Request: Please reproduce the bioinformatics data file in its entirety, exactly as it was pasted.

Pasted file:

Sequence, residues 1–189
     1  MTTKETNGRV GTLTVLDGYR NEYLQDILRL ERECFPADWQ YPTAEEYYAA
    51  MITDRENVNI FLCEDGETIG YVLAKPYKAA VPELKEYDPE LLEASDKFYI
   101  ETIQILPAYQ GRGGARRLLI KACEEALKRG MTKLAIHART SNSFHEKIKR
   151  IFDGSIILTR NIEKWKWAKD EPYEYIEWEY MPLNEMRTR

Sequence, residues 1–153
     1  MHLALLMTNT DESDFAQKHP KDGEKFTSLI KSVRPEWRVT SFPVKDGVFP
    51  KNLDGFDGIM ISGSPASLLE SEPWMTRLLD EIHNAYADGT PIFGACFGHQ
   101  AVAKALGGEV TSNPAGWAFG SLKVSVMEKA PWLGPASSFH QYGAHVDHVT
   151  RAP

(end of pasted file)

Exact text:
Sequence, residues 1–189
     1  MTTKETNGRV GTLTVLDGYR NEYLQDILRL ERECFPADWQ YPTAEEYYAA
    51  MITDRENVNI FLCEDGETIG YVLAKPYKAA VPELKEYDPE LLEASDKFYI
   101  ETIQILPAYQ GRGGARRLLI KACEEALKRG MTKLAIHART SNSFHEKIKR
   151  IFDGSIILTR NIEKWKWAKD EPYEYIEWEY MPLNEMRTR

Sequence, residues 1–153
     1  MHLALLMTNT DESDFAQKHP KDGEKFTSLI KSVRPEWRVT SFPVKDGVFP
    51  KNLDGFDGIM ISGSPASLLE SEPWMTRLLD EIHNAYADGT PIFGACFGHQ
   101  AVAKALGGEV TSNPAGWAFG SLKVSVMEKA PWLGPASSFH QYGAHVDHVT
   151  RAP